NCI grant to fund research into aggressive pancreatic cancer subtype

Sita Kugel
Sita Kugel

Sita Kugel, PhD, a scientist at Fred Hutchinson Cancer Research Center, received an NCI award that will fund her laboratory’s research into an aggressive form of pancreatic cancer.

The MERIT grant will provide Kugel with $400,000 per year for 5 years. She will have an opportunity to extend the grant for 2 additional years.

The award will help her quest to better understand quasi-mesenchymal pancreatic ductal adenocarcinoma.

“There is a clear unmet need for developing our understanding of this subset, as well as novel therapies,” Kugel said in a Fred Hutch announcement. “This source of stable funding will allow my laboratory to explore the biology of pancreatic cancer in greater depth and take on higher-risk, higher-reward projects.”

Fewer than 10% of patients with pancreatic ductal adenocarcinoma survive 5 years after diagnosis. The quasi-mesenchymal pancreatic ductal adenocarcinoma subtype has the poorest prognosis.

Kugel’s research will focus on SIRT6, a protein that makes molecular modifications to DNA packaging proteins that vary based on whether genes are turned off or on.

Her prior research showed SIRT6 levels are reduced among patients with quasi-mesenchymal pancreatic ductal adenocarcinoma. She hopes to determine how SIRT6 is lost and how this may contribute to development of this subtype.

“All subsets of pancreatic cancer are treated with toxic chemotherapy, resulting in poor prognosis,” Kugel said in the announcement. “Changing the current clinical paradigm will allow us to provide specific patients with targeted therapies [that] are likely to be both more effective and have fewer side effects, thus potentially improving quality of life and survival.”

Sita Kugel
Sita Kugel

Sita Kugel, PhD, a scientist at Fred Hutchinson Cancer Research Center, received an NCI award that will fund her laboratory’s research into an aggressive form of pancreatic cancer.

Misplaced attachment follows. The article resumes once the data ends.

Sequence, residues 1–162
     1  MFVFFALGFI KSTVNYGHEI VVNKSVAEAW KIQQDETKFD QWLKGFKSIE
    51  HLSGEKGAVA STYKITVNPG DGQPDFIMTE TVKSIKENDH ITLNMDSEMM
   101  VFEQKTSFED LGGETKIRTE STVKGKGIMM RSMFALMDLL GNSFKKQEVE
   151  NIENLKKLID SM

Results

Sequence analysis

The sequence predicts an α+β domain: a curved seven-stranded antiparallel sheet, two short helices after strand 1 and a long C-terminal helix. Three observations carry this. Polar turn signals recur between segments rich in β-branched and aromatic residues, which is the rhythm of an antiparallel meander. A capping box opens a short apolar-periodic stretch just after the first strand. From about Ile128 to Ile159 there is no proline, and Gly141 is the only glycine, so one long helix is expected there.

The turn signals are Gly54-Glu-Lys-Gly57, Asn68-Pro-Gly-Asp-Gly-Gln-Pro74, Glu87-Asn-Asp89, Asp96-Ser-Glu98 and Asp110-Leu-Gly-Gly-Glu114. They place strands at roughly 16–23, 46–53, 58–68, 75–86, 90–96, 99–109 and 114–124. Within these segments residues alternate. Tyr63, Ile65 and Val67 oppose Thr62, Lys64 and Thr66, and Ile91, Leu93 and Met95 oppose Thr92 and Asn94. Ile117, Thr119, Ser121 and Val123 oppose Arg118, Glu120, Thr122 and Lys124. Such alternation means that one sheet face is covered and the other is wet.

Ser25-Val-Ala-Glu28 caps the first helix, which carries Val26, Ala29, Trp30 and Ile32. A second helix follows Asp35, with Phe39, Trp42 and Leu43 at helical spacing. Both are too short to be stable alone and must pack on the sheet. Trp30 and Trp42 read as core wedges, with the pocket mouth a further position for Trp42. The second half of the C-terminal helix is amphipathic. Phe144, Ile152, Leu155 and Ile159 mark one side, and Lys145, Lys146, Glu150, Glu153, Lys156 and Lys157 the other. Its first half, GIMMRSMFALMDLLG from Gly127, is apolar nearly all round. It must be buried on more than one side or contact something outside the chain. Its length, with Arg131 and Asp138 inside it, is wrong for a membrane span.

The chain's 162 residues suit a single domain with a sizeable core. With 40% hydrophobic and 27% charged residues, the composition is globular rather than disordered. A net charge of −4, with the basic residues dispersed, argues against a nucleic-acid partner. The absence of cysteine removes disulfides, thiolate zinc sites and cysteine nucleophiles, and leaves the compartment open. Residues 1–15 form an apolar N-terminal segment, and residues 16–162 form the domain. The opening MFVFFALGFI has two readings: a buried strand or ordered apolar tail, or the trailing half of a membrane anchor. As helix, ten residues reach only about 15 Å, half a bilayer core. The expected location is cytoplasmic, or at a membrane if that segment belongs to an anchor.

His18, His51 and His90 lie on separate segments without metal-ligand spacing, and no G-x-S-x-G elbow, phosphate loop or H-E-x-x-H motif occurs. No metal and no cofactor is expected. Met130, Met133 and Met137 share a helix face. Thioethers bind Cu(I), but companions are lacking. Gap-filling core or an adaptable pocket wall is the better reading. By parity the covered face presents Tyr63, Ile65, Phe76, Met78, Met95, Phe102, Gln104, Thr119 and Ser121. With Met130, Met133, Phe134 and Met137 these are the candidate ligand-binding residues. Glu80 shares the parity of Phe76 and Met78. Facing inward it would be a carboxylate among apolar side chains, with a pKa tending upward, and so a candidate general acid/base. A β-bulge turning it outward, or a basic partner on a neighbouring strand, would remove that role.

The MERIT grant will provide Kugel with $400,000 per year for 5 years. She will have an opportunity to extend the grant for 2 additional years.

The award will help her quest to better understand quasi-mesenchymal pancreatic ductal adenocarcinoma.

“There is a clear unmet need for developing our understanding of this subset, as well as novel therapies,” Kugel said in a Fred Hutch announcement. “This source of stable funding will allow my laboratory to explore the biology of pancreatic cancer in greater depth and take on higher-risk, higher-reward projects.”

Fewer than 10% of patients with pancreatic ductal adenocarcinoma survive 5 years after diagnosis. The quasi-mesenchymal pancreatic ductal adenocarcinoma subtype has the poorest prognosis.

Kugel’s research will focus on SIRT6, a protein that makes molecular modifications to DNA packaging proteins that vary based on whether genes are turned off or on.

Her prior research showed SIRT6 levels are reduced among patients with quasi-mesenchymal pancreatic ductal adenocarcinoma. She hopes to determine how SIRT6 is lost and how this may contribute to development of this subtype.

“All subsets of pancreatic cancer are treated with toxic chemotherapy, resulting in poor prognosis,” Kugel said in the announcement. “Changing the current clinical paradigm will allow us to provide specific patients with targeted therapies [that] are likely to be both more effective and have fewer side effects, thus potentially improving quality of life and survival.”